SMART Transportation President Previsich: Common Interests

Published: November 15, 2013

SMART Transportation President John Previsich

Employment for our members in the transportation industry is unique in many respects. Regardless of mode—air, bus or rail—transportation is primarily an industry that operates 24 hours per day, seven days per week, 365 days per year. Employees often work unscheduled hours and are subject to call at a moment’s notice. It is not unusual for transportation employees to have no scheduled days off, no advance knowledge of whether they will be working or at home on a holiday, birthday, or other special event, and no way of knowing the answer when asked by friends or relatives what they are doing next week, this weekend, or even tomorrow.
While such conditions are very different from those of our members in other, more scheduled work environments, one need only look at the commonalities between the industries to see that our members in the Transportation Division have much more in common with our Sheet Metal brothers and sisters than may be evident at first look. To begin, nearly all members of SMART are professionals who work highly skilled positions in a safety-sensitive environment.
Whether working on a job site in the construction industry, operating machinery in a production environment, or moving passengers or freight on trains, planes, or buses, our members hold responsible positions that require a great deal of training and education. All of the craft work is safety-sensitive and unforgiving. From a misstep on a jobsite to a lapse of concentration while operating a locomotive or landing a plane, to a momentary diversion of attention while operating a bus or a production machine, the results of an error can be catastrophic. This is why adequate training is such an important part of what we strive for, from the union-operated training facilities to the continual and rigorous oversight of our training agreements on the transportation properties that we represent.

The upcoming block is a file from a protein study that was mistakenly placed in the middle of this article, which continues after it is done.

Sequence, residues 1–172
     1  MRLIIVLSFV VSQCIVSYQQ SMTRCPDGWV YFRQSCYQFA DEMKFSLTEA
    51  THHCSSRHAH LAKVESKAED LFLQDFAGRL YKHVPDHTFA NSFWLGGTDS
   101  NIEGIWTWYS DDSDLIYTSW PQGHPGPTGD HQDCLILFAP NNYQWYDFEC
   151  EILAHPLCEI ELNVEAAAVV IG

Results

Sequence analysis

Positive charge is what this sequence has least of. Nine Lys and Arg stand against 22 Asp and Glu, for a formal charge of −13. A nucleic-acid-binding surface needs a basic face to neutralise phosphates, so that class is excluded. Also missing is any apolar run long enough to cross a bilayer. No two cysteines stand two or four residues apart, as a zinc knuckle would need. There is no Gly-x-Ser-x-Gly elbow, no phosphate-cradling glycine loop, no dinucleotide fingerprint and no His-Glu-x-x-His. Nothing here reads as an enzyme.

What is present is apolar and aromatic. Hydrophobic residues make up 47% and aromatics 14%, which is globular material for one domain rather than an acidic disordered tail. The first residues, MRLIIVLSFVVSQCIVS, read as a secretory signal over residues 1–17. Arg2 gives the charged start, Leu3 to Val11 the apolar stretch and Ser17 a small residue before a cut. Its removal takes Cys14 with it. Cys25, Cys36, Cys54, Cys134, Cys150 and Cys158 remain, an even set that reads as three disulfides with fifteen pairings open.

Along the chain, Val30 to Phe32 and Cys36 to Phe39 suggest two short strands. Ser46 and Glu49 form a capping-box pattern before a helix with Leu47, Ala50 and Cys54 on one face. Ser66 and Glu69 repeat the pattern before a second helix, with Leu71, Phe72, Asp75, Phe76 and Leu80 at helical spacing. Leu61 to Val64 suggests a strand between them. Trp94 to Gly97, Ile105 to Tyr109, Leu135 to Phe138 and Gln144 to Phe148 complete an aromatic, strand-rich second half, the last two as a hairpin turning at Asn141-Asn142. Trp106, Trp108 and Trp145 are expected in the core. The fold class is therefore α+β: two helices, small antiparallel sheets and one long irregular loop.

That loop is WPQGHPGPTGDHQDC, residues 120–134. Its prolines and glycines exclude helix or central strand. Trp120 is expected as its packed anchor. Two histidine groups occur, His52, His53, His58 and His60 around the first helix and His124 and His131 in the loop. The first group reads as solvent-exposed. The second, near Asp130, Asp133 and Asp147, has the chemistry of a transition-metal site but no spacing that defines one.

But training by itself isn’t enough. In addition to our members mastering their crafts and showing up for duty adequately trained and prepared to work, safety also depends on proper workplace management, a responsibility that rests squarely on the shoulders of the companies and owners for whom we work. Far too often we hear of incidents where management blames the worker instead of the faulty worksite. Far too often the union has to step in and remind the regulatory agencies of their oversight responsibilities; and far too often our members suffer for the unsafe work environments handed to us by our employers and for the lax regulation that allows such environments to persist. It is the responsibility of management to provide us with a safe place to work, and your union is second to none in advocating for improved safety on behalf of its membership.
This advocacy to improve safety well illustrates the benefits that can be derived from the synergy of the merged organizations. Each of our predecessor unions possesses expertise in training, safety, and regulatory affairs. That expertise, when coupled together, is expected to be more effective working as an integrated unit. We hope to learn from each other, taking advantage of the skills that both unions bring to the table to be stronger than ever in ensuring the safe workplace to which our members are entitled. This process has already commenced, with our legislative departments collaborating on safety issues at the federal, state, and local level, and it is anticipated that these synergies will provide even more positive results as the integration progresses.

Fraternally,

John Previsich

SMART Transportation President